Thursday, August 2, 2012

Visualizing data from a PDF

In my previous post, I scraped the data from a PDF and wrote it to a CSV file. I uploaded the data to CartoDB to make a quick map using the "Share This Map" function on the CartoDB site.

I received a number of comments on the map, mostly about making it more legible by separating out the years and providing more information about each incident. In the spirit of Brian Timoney's post on how web maps are actually used, I decided to keep the map as simple as possible.

After reading the API documentation and looking at the examples, I used the Data Interaction example as the starting point for my map. One of the comments I received was to separate the incidents by year. The interesting part of the example is that it shows how to dynamically change what is presented on a map by changing the values in a SQL query. That's very powerful because you have the data handling and geoprocessing capabilities of PostgreSQL and PostGIS available in your map client. Here's the map with a control to show incidents by year. (The blog form squeezes the map, the see the full map here.)

The script for the map is below.

One of the nice things about the map is that it doesn't use external mapping client libraries. It's simple and shows the user where the incidents occurred. However, I would like to show more information about each incident through a popup. CartoDB plays well with leaflet, modestmaps.js, and wax, and it's easy to extend the basic map with these libraries. In the following map, I used leaflet and the CartoDB popup script to make a popup containing the description of each incident when a marker is clicked. (As with the other map, the full size map can be viewed here.)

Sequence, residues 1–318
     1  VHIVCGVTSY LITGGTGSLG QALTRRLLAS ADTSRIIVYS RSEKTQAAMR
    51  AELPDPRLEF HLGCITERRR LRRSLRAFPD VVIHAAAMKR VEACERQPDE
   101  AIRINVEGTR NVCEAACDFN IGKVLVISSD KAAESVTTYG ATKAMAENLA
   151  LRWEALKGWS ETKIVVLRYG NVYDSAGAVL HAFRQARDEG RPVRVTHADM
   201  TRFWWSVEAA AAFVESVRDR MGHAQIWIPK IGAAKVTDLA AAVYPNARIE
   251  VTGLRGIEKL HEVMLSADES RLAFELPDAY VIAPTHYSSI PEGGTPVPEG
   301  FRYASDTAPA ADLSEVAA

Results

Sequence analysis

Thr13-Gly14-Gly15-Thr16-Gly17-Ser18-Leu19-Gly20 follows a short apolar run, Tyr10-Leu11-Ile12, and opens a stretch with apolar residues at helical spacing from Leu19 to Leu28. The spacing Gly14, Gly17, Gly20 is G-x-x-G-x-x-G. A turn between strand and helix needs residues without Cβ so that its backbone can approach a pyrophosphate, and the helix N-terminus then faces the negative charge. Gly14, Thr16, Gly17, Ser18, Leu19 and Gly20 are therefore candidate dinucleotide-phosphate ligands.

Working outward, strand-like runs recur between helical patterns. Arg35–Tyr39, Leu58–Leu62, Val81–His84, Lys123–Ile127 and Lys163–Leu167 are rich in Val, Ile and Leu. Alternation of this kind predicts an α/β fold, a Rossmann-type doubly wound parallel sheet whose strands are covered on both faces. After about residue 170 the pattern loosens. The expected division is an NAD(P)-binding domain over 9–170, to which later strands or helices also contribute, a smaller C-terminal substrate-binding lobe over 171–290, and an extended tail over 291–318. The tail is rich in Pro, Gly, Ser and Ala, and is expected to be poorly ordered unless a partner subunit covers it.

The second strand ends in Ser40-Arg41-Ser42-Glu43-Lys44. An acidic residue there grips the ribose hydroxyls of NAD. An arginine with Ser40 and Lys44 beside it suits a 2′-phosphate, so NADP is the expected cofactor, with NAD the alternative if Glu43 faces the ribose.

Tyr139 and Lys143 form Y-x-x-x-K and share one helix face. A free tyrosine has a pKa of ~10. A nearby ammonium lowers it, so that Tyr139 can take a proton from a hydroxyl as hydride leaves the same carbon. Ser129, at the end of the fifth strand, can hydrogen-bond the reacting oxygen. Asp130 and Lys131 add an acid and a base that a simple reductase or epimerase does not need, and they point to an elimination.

The script for the clickable map is below:

The script essentially the same as the previous script but it uses leaflet.js to add a base map from MapBox and the leaflet-carto.js to add the Major Shootings layer from CartoDB. Switching between years is handled differently from the previous example. The resetLayer function uses the setOptions function to update the query for each year. Note that I cheated a little and put the operator as part of the value, e.g. '= 2005". It was the most direct solution to handling the 'all' case in the SQL statement, which required that query for all the records as part of a SQL WHERE clause. I admit that putting the number of incidents on the buttons is cheesy; and if I had more time, I would put a label that would change on top of the map that read "x incidents in xxxx" when a different year is selected.. 

I like CartoDB because it's flexible and agnostic with regards to client mapping libraries. Building a simple mapHowever, what I find exciting is that CartoDB puts an API in front of PostgreSQL and PostGIS. This opens up all sorts of possibilities and removes the need to preprocess or reformat data to create a visualization.

The project file is available here.

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